Duncan Robinson, of D-III Williams College, considering transfer to Michigan, Davidson

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In March, Williams College (Massachusetts) reached the Division III national championship game behind 30 points and six rebounds from first-year forward Duncan Robinson in a 98-69 national semifinal win over rival Amherst College. The next night, Robinson scored 17, but the Ephs came up short, falling to Wisconsin-Whitewater, 75-73, in the final second.

Following a freshman season where he averaged 17.1 points, 6.5 rebounds and 1.8 assists per game while shooting 55 percent from the field and 45 percent from three, Robinson, the D-III National Rookie of the Year, made the decision to explore his options after Williams head coach Mike Maker accepted the job at Marist. Robinson was immediately contacted by schools in the ACC, Big 12, Big Ten, Pac-12, Atlantic 10, Ivy League, Patriot League and American East. Some called him just to check in, others called to offer him.

RELATED: How borderline Division I recruits fight for scholarships in July

While returning to Williams for a sophomore season is still very much a possibility, Robinson will take visits to Michigan and Davidson within the next week, he told NBCSports, making him the most interesting transfer in college basketball this season. Four months ago, Robinson was suiting up for a small liberal arts school tucked in the corner of northwestern Massachussetts. Now, he is being pursued by a D-I program two years removed from a national championship game appearance.

“I really made the decision that the only schools that were worth leaving Williams — because I value Williams so much — would be a school that competes at a really high level and one that is great academically,” Robinson said on Tuesday evening. “With that in mind, I weeded out a lot of those options and it came down to those two.”

source:
Duncan Robinson (AP)

Robinson will visit Davidson, the newest member of the Atlantic 10, from Aug. 1-2, followed by Michigan on Aug. 4-6. Worth noting here: from 2005-2007, Maker was an assistant to John Beilein at West Virginia.

“By no means is Williams out of the question. I loved my past year there,” Robinson added. “That’s why these visits are so important because it’s going to take a lot to pull me away from such a special place like Williams.”

Less than two years ago, Robinson had interest from multiple schools in the Ivy League and Patriot League, but none of those programs pulled the trigger and offered him. He did, however, have a scholarship waiting for him at Division II Merrimack College. In September of 2012, during the first month of his postgraduate year at Phillips Exeter Academy (New Hampshire), he pledged his commitment — upon acceptance — to Williams while on a campus visit.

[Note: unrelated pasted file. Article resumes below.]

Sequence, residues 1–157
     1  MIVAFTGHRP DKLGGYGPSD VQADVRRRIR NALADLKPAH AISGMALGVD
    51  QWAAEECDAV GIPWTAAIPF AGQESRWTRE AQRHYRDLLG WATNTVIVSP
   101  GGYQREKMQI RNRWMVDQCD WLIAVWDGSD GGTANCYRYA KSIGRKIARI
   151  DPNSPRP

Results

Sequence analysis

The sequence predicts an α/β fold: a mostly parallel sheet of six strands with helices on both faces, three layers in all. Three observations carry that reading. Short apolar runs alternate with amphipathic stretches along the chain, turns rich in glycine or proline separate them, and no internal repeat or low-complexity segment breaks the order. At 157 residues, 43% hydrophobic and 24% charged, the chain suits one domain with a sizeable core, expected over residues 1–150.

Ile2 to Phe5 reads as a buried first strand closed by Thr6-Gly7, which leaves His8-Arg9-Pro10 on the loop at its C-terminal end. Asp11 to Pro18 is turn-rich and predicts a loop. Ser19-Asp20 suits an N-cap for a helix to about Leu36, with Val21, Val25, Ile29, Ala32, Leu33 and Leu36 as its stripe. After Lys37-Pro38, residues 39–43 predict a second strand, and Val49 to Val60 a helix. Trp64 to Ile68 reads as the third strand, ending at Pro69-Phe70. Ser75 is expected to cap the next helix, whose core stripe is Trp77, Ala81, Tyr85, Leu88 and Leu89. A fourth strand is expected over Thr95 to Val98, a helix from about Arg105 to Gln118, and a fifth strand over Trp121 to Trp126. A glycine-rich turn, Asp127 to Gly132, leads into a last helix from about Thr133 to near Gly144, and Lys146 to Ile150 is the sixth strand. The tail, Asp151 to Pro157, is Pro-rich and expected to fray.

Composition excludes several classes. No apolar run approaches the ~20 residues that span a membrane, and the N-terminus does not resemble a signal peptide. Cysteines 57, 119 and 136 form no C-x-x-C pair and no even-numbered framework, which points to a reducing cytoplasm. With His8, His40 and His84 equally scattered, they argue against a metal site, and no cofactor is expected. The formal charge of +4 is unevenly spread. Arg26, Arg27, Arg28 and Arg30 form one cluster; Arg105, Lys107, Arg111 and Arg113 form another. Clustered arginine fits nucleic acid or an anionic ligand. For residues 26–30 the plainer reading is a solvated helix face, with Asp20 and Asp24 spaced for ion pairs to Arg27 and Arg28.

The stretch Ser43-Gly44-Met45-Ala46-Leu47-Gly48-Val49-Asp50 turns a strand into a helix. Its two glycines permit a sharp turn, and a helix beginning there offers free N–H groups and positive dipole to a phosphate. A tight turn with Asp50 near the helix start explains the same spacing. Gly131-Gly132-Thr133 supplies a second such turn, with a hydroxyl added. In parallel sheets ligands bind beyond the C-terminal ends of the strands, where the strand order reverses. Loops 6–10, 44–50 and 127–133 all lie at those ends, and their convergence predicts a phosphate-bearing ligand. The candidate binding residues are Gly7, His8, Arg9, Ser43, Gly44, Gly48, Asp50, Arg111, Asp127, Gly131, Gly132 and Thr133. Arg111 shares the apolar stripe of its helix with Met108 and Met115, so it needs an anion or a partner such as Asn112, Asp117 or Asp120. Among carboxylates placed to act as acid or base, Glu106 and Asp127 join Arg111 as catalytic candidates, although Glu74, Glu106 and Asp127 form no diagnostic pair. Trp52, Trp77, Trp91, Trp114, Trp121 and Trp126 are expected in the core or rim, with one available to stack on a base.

“Those (Division I) teams were there all July, following us play,” said Michael Crotty Jr., coach of the Middlesex Magic, Robinson’s AAU team. Robinson spent that summer playing alongside Stony Brook’s Chris Braley and Princeton’s Pete Miller.

“He played well,” Crotty added. “He battled one injury that limited him a little bit. He played well enough, in my opinion, to be recruited more heavily by those schools. But he was 6-foot-6, 175-pounds.”

Robinson, now a 6-foot-8, 195-pound wing, was recruited by Williams the hardest, according to Crotty. By the start of January 2013, some of those schools from the summer made more of a push, but by then it was too late.

“At that point, he was very, very happy with his decision,” Crotty added. “I don’t think there was a school that came after him that would have changed his mind.”

Williams College is ranked as the top liberal arts college in the country by the U.S. News and World Report. It’s a perennial Division III powerhouse with tremendous fan support. It’s also not uncommon for players from Williams, and other standouts from around the New England Small College Athletic Conference (NESCAC), to find opportunities to play overseas once their college careers are over. Crotty, a two-time All-American and a member of Williams’ national championship team in 2003, went on to play one season in Germany. He was a 6-foot point guard. Robinson is a 6-foot-8 knockdown shooter.

On July 19, Kevin App, a former assistant at Cornell and Army, who also spent one season on the Williams coaching staff under Maker, was named the Ephs next head coach. It didn’t take long for him to travel to New Castle, New Hampshire for a dinner with Robinson and his mother.

“Coach App is a very nice guy, and knows a ton about basketball,” Robinson added. “He’s been great with me. First thing I did was explain to him my situation and he’s been very accepting of that.”

A decision will come shortly after Robinson returns home from Ann Arbor. It’s a close battle between the allure of Division I basketball and the environment he’s enjoyed so much at Williams College, playing for a competitive team that was one-second shy of a national championship.

“There’s definitely a big part of me that wants to chase after that national title,” he said. “That’s another key reason why Williams is still very much in the mix. At the same time, I kind of have to weigh my options and see if a school like Michigan or Davidson brings something to the table that outweighs that unfinished business that I might be leaving behind.”

Report: North Carolina won’t attend White House